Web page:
“At Least One Piece” Can Mean the Whole Thing

The Federal Circuit held that the broadest reasonable interpretation of “at least one piece” of a computer file can include the entire computer file in the absence of further limitation in the claim or definition in the specification. AC Technologies v. Amazon.com, Inc. (Appeal No. 218-1433; Decided January 9, 2019).

The patent at issue is directed toward storing copies of data across a network to improve data integrity and reduce network lag. To accomplish this, the system copies data redundantly across the network.  The relevant claim at issue reads:

1. A data management system comprising:

at least one computer unit that stores at least one complete file, each file including a plurality of individual pieces, the pieces containing parts of the files, wherein at least one piece is stored in a redundantmanner in the at least two data storageunits;

 

In the underlying IPR, which was appealed in this case, the patent holder argued that the claim must be properly construed to require redundantly storing file pieces, not the complete file.  The Board reasoned that because the independent claim recites “at least one piece,” the claims contemplate copying and storing more than one piece of a file, including up to an entire file.  Since the prior art disclosed copying entire files on more than one host, the Board invalidated claim 1 using this interpretation.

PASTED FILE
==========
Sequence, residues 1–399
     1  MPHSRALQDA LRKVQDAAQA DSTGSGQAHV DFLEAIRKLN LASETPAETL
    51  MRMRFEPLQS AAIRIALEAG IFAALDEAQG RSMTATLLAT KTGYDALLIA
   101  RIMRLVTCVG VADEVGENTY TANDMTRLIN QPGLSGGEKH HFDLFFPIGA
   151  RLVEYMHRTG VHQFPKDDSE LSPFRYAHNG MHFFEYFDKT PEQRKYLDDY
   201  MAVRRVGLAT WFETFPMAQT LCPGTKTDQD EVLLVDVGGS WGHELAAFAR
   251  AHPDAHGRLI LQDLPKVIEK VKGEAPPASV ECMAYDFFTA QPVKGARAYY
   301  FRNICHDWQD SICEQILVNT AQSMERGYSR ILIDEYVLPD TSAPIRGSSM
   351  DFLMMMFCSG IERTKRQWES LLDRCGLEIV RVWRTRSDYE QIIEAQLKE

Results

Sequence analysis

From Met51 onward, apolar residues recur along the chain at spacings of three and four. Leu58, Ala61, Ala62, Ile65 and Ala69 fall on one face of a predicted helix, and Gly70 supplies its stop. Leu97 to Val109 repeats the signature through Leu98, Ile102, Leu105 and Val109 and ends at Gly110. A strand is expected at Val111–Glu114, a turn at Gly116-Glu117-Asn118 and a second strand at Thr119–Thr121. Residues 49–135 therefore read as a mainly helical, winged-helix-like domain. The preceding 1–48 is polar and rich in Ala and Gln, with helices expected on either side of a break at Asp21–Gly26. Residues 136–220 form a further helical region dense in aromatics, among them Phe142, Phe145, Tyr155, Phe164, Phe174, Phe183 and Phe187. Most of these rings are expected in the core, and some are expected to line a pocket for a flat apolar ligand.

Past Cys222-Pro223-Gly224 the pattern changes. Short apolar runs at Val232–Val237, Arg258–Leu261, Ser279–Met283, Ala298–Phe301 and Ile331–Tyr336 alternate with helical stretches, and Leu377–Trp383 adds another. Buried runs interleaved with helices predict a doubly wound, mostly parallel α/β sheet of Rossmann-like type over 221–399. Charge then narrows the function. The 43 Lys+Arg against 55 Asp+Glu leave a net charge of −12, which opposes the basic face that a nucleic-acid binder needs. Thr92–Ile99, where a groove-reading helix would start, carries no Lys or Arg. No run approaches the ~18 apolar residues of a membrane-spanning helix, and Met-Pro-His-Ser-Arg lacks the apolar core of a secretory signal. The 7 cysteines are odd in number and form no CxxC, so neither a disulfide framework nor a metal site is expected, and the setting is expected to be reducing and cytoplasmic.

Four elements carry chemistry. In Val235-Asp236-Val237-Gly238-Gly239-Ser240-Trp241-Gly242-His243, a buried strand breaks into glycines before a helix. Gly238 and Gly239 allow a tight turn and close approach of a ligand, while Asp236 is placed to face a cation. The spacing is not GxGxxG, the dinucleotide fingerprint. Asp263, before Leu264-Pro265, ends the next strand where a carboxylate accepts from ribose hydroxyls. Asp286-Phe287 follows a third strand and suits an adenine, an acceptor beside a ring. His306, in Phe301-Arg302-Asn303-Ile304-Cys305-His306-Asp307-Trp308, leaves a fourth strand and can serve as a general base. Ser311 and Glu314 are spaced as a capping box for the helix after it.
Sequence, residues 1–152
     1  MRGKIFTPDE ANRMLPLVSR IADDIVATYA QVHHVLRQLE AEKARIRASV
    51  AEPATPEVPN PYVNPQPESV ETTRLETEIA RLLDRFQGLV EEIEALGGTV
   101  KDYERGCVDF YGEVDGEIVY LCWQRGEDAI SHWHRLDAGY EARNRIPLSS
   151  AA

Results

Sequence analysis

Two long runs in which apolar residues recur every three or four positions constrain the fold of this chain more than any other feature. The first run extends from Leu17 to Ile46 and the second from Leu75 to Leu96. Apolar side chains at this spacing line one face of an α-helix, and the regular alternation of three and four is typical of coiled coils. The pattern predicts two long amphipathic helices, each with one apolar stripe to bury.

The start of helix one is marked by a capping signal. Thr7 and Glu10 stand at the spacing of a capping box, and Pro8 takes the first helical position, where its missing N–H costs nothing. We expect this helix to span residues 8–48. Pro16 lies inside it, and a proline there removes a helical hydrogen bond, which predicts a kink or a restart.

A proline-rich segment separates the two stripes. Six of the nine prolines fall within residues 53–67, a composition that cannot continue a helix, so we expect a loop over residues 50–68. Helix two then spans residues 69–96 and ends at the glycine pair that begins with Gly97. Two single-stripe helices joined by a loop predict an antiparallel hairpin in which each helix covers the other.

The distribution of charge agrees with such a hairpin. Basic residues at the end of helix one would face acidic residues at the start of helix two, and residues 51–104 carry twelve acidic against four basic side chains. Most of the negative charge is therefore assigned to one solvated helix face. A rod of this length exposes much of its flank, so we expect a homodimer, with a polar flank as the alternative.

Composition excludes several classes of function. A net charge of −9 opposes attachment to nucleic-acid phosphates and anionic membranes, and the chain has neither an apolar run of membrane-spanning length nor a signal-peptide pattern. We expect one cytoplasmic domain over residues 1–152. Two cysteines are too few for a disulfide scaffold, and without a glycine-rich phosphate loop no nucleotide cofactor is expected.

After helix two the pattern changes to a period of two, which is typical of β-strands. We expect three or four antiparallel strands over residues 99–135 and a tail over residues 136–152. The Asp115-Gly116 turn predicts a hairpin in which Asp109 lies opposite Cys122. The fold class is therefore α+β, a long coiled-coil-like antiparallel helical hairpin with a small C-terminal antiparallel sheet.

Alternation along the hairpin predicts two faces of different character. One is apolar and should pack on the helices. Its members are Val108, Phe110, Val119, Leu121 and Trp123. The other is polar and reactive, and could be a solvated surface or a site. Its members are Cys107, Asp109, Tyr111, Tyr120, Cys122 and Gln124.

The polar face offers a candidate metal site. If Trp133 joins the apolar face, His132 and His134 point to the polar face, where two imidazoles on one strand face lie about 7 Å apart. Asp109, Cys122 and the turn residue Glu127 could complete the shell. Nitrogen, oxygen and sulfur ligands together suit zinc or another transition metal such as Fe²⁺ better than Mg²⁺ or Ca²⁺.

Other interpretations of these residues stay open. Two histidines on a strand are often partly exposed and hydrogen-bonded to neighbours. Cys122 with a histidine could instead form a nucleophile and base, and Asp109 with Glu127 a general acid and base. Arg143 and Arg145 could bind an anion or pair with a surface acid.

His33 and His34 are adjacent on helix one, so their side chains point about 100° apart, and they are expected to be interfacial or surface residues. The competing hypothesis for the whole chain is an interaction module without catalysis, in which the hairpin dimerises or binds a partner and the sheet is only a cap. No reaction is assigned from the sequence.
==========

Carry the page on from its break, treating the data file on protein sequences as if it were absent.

The Federal Circuit affirmed the Board, first looking at the claims themselves and noting that “the claims impose no limit on how the system stores or copies pieces and they do not require storing or copying pieces on an individual basis or prohibiting it storing or copying pieces ‘contiguously with other pieces on the same file.’”  In other words, the claims do not limit how many pieces of the file the system may copy and store. 

Next looking to the specification, the Federal Circuit noted that the specification discloses “distribution of the entire data,” not merely specific pieces.  The specification does disclose storing pieces of data but notes that those disclosures are directed to particular embodiments and the specification never disclaims whole-file storage.  In this light, the Court declined to import a limitation from the specification into the claims in accordance with In re Van Geuns, 988 F.2d 1181(Fed. Cir. 1993).

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